What exactly did Palin supposedly do wrong in “Trooper-gate”?

Consider a hypothetical: Imagine that the governor of a state, who has oversight responsibility for the state police, learns that an officer has allegedly issued death threats against his former in-laws, used a Taser weapon on a child, drank alcohol in his department vehicle, and possibly other violations of law and department policy. Would a reasonable observer (i.e. not a partisan trying to score political points) think it was inappropriate for the governor to inquire as to why this corrupt officer was still on the state payroll? Would it be unreasonable for that governor to inquire to the agency head why he hadn’t done anything about the matter? Would it be inappropriate for the governor to demand the offending trooper be dismissed?

If it would be reasonable for a governor to make such inquiries in the abstract, then why would it suddenly be unreasonable if the governor had some relationship to the offending officer.

Further, imagine if a (Republican) governor had a corrupt state employee who happened to be a relative, and upon learning of the problem did not take any action. The Democrats would be hammering our hypothetical governor for going easy on her scofflaw relative. The howls of righteous outrage would be at least as loud as those now directed at the Governor of Alaska. They’d probably bring the poor young Taser victim before the press or even a congressional committee to tearfully tell his story – “This poor boy was treated just like one of the innocent victims of the Bush Regime’s policy of torture at Guantanamo Bay!!! And the governor did NOTHING to protect this dear child!”

There may be additional facts that come out in Alaska that put Governor Palin’s alleged actions in a worse light, but so far that has not been the case. The press is reporting the allegations inaccurately (surprise, surprise!) every time they simply refer to the trooper as “the governor’s former brother-in-law” and leave out his alleged wrongdoing, implying that her actions were merely personal. A good governor ought to be concerned about a bad cop remaining on the state force. Doing the right thing doesn’t become the wrong thing just because the crook is your former brother-in-law.

UPDATE: Here is a helpful timeline of the events of Crooked-Brother-in-Law-Gate.

6 responses to “What exactly did Palin supposedly do wrong in “Trooper-gate”?

  1. This is exactly right. Flopping Aces has a great timeline on this, and http://www.notwrightforamerica.com has been busy destroying this whole Troopergate witch hunt matter all week.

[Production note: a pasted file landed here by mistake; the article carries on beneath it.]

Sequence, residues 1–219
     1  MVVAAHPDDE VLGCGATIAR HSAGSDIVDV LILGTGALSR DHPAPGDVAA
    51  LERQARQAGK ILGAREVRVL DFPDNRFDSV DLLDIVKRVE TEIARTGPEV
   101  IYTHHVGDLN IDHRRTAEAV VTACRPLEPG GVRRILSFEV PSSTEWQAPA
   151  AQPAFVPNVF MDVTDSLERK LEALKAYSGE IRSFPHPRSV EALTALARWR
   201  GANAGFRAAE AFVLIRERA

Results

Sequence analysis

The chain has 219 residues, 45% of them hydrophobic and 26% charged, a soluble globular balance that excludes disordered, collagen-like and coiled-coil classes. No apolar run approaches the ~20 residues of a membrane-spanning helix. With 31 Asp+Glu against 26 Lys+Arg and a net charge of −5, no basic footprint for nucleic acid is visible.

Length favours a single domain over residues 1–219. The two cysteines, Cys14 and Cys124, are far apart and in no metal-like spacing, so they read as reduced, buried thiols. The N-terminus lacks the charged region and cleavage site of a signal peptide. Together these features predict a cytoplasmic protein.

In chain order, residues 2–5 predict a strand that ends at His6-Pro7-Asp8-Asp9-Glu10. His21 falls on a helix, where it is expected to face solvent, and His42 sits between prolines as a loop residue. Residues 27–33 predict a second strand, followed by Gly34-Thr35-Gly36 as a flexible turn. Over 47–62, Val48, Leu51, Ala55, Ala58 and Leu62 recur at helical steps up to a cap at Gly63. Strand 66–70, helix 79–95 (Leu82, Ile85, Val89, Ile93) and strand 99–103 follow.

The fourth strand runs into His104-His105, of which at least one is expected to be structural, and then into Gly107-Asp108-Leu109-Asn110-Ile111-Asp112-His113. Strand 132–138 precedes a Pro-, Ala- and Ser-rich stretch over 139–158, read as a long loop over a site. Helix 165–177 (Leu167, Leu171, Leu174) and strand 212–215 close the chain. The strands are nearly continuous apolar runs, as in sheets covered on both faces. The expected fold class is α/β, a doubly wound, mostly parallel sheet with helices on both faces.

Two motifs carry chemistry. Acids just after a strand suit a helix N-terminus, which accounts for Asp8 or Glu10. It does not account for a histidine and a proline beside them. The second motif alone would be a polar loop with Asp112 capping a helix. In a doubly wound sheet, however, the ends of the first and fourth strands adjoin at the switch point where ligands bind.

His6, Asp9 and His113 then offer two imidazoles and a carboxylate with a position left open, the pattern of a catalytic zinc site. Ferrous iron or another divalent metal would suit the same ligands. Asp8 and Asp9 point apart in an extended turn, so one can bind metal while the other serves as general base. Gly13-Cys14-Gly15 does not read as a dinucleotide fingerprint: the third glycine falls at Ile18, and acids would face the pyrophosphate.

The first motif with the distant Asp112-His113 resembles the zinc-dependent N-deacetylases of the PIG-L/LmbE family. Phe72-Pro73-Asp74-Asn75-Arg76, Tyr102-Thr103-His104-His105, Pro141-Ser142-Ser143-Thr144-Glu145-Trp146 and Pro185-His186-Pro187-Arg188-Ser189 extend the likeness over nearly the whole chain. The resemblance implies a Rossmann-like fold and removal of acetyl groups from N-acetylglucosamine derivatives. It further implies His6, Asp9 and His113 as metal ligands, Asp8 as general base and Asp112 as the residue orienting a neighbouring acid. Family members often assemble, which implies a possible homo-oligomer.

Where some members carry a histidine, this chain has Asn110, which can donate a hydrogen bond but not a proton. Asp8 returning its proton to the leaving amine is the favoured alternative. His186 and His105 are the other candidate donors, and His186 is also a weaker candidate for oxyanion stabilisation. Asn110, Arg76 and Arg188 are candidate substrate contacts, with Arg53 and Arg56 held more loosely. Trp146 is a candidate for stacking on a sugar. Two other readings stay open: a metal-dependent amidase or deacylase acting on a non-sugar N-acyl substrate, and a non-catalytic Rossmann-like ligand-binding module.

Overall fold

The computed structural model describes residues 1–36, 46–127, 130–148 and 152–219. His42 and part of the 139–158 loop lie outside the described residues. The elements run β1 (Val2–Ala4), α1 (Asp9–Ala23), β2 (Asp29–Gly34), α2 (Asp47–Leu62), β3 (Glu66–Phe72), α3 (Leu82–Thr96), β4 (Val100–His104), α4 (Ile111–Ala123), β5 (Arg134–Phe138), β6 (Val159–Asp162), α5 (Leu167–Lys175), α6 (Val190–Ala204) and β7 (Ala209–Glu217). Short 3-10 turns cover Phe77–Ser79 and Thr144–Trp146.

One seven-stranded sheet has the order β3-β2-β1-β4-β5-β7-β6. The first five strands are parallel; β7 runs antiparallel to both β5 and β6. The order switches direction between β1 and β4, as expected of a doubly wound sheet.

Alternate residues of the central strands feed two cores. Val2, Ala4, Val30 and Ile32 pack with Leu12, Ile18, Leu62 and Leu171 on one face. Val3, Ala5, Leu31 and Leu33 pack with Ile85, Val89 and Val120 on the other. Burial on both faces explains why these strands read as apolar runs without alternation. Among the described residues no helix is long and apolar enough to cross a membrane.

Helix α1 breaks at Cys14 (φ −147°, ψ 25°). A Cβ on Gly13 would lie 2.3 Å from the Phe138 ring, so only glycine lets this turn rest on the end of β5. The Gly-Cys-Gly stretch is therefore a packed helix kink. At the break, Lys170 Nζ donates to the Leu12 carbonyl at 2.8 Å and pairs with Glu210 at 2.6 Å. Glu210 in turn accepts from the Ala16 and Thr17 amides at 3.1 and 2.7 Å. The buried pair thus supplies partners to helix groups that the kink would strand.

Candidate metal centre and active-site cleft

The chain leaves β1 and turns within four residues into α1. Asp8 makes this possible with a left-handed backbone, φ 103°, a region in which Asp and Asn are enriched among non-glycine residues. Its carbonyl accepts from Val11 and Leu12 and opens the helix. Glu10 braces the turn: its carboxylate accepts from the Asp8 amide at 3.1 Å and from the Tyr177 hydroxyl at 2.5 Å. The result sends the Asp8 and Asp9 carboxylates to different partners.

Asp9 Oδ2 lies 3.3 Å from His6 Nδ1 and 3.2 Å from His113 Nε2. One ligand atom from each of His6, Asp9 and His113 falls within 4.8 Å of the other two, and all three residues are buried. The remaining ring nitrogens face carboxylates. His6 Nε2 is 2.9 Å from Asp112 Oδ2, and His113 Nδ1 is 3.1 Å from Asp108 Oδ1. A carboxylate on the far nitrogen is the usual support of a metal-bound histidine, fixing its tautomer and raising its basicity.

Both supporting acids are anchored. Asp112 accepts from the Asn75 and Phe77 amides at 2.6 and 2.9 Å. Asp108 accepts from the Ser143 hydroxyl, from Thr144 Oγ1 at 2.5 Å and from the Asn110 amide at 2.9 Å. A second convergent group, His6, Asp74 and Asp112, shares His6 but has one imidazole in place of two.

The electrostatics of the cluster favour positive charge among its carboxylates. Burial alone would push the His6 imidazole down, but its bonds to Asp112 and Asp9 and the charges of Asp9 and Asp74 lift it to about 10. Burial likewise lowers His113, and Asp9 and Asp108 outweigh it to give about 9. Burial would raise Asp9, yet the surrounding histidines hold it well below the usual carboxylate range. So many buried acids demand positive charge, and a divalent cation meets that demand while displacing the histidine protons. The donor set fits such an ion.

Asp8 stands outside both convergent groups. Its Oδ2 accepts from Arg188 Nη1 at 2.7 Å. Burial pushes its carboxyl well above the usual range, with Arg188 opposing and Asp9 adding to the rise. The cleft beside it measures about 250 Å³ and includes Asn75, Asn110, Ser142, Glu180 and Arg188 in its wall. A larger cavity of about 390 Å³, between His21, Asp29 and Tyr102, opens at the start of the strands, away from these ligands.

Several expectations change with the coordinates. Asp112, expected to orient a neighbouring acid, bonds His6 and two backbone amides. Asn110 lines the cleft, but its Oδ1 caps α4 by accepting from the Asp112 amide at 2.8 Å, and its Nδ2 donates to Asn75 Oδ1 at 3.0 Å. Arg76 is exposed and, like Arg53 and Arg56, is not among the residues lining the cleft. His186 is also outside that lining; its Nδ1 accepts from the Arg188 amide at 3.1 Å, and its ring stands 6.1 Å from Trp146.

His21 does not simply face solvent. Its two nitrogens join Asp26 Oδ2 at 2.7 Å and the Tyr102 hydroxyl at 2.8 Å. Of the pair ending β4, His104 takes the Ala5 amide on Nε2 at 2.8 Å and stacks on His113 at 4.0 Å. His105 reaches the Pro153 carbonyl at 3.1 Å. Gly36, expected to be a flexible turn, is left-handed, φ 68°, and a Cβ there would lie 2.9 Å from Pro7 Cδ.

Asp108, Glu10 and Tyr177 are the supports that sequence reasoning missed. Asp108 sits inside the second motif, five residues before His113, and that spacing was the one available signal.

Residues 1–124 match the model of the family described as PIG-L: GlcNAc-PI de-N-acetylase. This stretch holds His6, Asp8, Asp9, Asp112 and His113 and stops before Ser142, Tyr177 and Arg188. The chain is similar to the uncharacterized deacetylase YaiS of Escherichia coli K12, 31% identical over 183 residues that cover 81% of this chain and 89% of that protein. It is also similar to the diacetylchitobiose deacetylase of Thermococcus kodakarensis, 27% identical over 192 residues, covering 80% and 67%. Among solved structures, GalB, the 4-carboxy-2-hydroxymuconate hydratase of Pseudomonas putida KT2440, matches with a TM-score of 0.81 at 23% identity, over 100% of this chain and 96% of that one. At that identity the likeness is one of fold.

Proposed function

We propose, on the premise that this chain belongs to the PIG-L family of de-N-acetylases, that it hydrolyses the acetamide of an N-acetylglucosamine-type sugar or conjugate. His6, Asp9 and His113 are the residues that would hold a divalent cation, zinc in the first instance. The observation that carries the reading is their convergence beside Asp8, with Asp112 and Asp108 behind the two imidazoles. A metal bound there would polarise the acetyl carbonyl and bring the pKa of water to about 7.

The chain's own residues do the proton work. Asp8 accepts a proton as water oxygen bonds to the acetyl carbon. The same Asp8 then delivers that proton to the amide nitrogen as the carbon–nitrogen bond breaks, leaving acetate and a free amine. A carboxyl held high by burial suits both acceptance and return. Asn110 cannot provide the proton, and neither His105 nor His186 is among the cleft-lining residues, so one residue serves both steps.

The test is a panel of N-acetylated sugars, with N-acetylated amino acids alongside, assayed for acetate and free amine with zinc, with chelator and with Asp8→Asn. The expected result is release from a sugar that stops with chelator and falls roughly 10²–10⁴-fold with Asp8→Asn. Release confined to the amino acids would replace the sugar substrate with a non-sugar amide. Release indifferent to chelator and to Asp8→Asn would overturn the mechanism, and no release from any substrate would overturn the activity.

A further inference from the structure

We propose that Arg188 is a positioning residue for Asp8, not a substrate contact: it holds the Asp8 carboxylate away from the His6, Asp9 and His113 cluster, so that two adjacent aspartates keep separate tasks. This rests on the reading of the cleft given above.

Great post here also.

  2. “Would it be unreasonable for that governor to inquire to the agency head why he hadn’t done anything about the matter?”

    Not true, there is a procedure and that procedure found four charges valid and suspended the trooper. The director has to follow the results of the hearing.

    “Would it be inappropriate for the governor to demand the offending trooper be dismissed?”

    Maybe not inappropriate, but since he was her ex-brother in law, it was certainly not smart. She knew, or should know the laws of her state, and if she didn’t agree with them, she should change the law.

  3. Will,

    Where’s your evidence for your assertions? Since you’re evidently an expert on Alaskan laws and agency procedures, please be specific.

  4. Wooten sounds like he was a ticking time bomb and potential big liability for the State
    of Alaska. If Palin had been a private citizen as she was when she first brought the character
    issue of Wooten into the light, this would not be an issue…however…if she knew of his
    risky and potentially dangerous behavior as a State official, and did nothing,
    and then something happened like he drove drunk while on the job
    (which several non-family witnesses have confirmed according to a CNN with Wooten), then
    Would we be criticizing her for knowing there was an issue and being silent…sounds like
    a double standard. I think we know that many law enforcement folks have crossed the line
    and the public (lawsuits) ends up paying the price. I am sure that Palin was just as
    concerned about the possible public liability issues as she was about her sister.

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